3,318 km: Trans-Appalachia

Since I decided to go down the east coast on this trip, the Blue Ridge Parkway has been something I’d planned on checking out.  I don’t know a lot about it but it’s got enough hype to justify a quick tour.  After camping in Shenandoah National Park – just north of the BRP – I decided to abort my plans and head due west for two reasons:  first, it’s Labor Day weekend and there will be slow-moving tourists and scarce accommodations in well-known tourist zones, and second, I’m seriously allergic to something here in Appalachia.  I was sneezing and full of snot in DC but it got several times worse as I moved west into the hills.

I packed up and was on my way out of Shenandoah by five thirty in the morning.  I quickly ran into a problem though – there are deer everywhere in Shenandoah before dawn.  I couldn’t drive more than 15-20 mph in a 35 mph zone because they were all over the road.  After coming to complete stops half a dozen times for deer (and once more for a flock of wild turkeys) I said to hell with it and pulled into a scenic view turn-off, going back to sleep for another half hour.

Shenandoah Dawn Shenandoah Deer

Upon leaving the park I began taking random back roads in a generally westward direction, and I discovered a real gem – Route 250.  I’ve never heard of this road but it’s a hell of a drive and really beautiful to boot.  Unlike many other roads in the area that either take the path of least resistance or follow ridgelines, the 250 goes up and over all of the ridges via switchbacks, occasionally straightening up to go through a small valley town.  It’s basically two straight hours of driving under canopied switchbacks, you’re either in a turn or getting ready for a turn.  It was fun in the Wave, it would be epic on a motorcycle or a sports car.  There was virtually no traffic, either.

Route 250

Hit the West Virginia state line around noon.  The 250 became less scenic and more jammed up with logging trucks so I veered off to find a main road, but not before stopping in a small town for lunch.  Accents are thick here – I literally cannot understand some of the older folks I overhear.  Friendly people though, even at the Mickey D’s there’s a lady walking around with a pot of coffee asking, “Would you like a refill, dear?”

My plan at this point was to get to Kentucky and set up camp, but shortly after hitting the Kentucky border I hit some weird weather.  Lightning, with a hot wind that seemed to be going in every direction, birds acting weird – asked myself, is this what the start of a tornado looks like?  Apparently not, but it brought down some rain so I decided to defer finding a place to set up.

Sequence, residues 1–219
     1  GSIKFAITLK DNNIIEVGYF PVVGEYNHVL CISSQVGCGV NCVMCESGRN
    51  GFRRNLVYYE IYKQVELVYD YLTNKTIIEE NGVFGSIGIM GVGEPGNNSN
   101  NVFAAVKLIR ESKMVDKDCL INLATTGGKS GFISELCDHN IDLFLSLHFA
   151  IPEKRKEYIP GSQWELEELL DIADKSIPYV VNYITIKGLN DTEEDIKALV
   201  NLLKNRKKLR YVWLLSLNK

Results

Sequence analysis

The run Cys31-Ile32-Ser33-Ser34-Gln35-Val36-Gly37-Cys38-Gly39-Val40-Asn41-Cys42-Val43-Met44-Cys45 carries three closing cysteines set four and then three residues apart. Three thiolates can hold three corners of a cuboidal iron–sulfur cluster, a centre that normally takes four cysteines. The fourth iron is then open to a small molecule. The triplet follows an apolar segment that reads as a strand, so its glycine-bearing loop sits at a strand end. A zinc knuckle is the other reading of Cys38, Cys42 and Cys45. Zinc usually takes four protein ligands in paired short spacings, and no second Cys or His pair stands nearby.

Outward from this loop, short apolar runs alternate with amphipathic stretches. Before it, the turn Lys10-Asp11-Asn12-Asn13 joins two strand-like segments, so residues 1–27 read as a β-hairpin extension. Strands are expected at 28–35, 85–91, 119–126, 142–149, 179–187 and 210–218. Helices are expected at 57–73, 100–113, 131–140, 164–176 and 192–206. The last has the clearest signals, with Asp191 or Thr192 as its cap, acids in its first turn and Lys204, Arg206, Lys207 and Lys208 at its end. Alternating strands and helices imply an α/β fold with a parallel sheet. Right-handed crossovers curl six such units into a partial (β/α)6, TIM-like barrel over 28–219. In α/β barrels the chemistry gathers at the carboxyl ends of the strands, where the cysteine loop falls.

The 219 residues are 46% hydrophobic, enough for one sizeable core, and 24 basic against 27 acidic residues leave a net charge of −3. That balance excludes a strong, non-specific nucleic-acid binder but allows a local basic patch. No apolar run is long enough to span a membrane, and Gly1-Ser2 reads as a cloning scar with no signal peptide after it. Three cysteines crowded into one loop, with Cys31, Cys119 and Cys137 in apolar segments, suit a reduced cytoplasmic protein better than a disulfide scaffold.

Not sure whether it’s just because it’s Friday afternoon and Labor Day, but Kentucky drivers are being total assholes compared to West Virginia drivers.

Although I thought I was going to need to stop shortly after getting into Kentucky, I get into the zone at this point and just start burning west.  I didn’t make much mileage the first half of the day on account of 20 mph switchbacks, but I start making up for it now, driving becomes second nature and the biggest challenge is finding radio that isn’t Christian rock or country/western.  One station seems to only play three advertisements – one for debt relief, one for alcohol and drug addiction help, and one for squaring up back taxes.  Jesus Christ.

I keep making distance until I cross a river (maybe the Ohio?) and cross into the southern tail of Indiana, and I decide I really should chill – it’s almost a fourteen-hour day of driving at this point.  I find a state park and ask if there are any vacancies.  The guy at the gate asks, “Do you mind the smell of horses?”  I don’t like where this line of questioning is going but I respond that no, I do not.  Turns out this park has a regular campground (no vacancies) and a second campground designed for people with horse trailers, in which there are empty spots.  I take it.

It’s hot and sticky, even in my drawers and with the tent wide open (minus the screen, which needs to be kept closed due to the ridiculous number of bugs), but I suppose it’s good practice for Central America.  I fall asleep on a yoga mat covered in sweat.

Whatever I was allergic to in the hills is here as well (or else I’m allergic to something else) but it’s a lot better.  The terrain isn’t exactly postcard-worthy though, so I’m just going to burn west hard from here through Missouri and Kansas, and then get some altitude in Colorado.

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